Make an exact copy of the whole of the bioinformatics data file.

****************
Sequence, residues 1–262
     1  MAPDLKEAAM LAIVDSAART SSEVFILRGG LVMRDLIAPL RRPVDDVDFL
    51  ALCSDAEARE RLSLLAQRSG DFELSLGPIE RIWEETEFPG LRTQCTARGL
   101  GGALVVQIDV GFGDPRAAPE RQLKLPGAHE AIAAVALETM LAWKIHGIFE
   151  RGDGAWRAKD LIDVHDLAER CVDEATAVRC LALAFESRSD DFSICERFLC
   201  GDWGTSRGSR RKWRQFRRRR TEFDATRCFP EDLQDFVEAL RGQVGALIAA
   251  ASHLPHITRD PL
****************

Sequence, residues 1–262
     1  MAPDLKEAAM LAIVDSAART SSEVFILRGG LVMRDLIAPL RRPVDDVDFL
    51  ALCSDAEARE RLSLLAQRSG DFELSLGPIE RIWEETEFPG LRTQCTARGL
   101  GGALVVQIDV GFGDPRAAPE RQLKLPGAHE AIAAVALETM LAWKIHGIFE
   151  RGDGAWRAKD LIDVHDLAER CVDEATAVRC LALAFESRSD DFSICERFLC
   201  GDWGTSRGSR RKWRQFRRRR TEFDATRCFP EDLQDFVEAL RGQVGALIAA
   251  ASHLPHITRD PL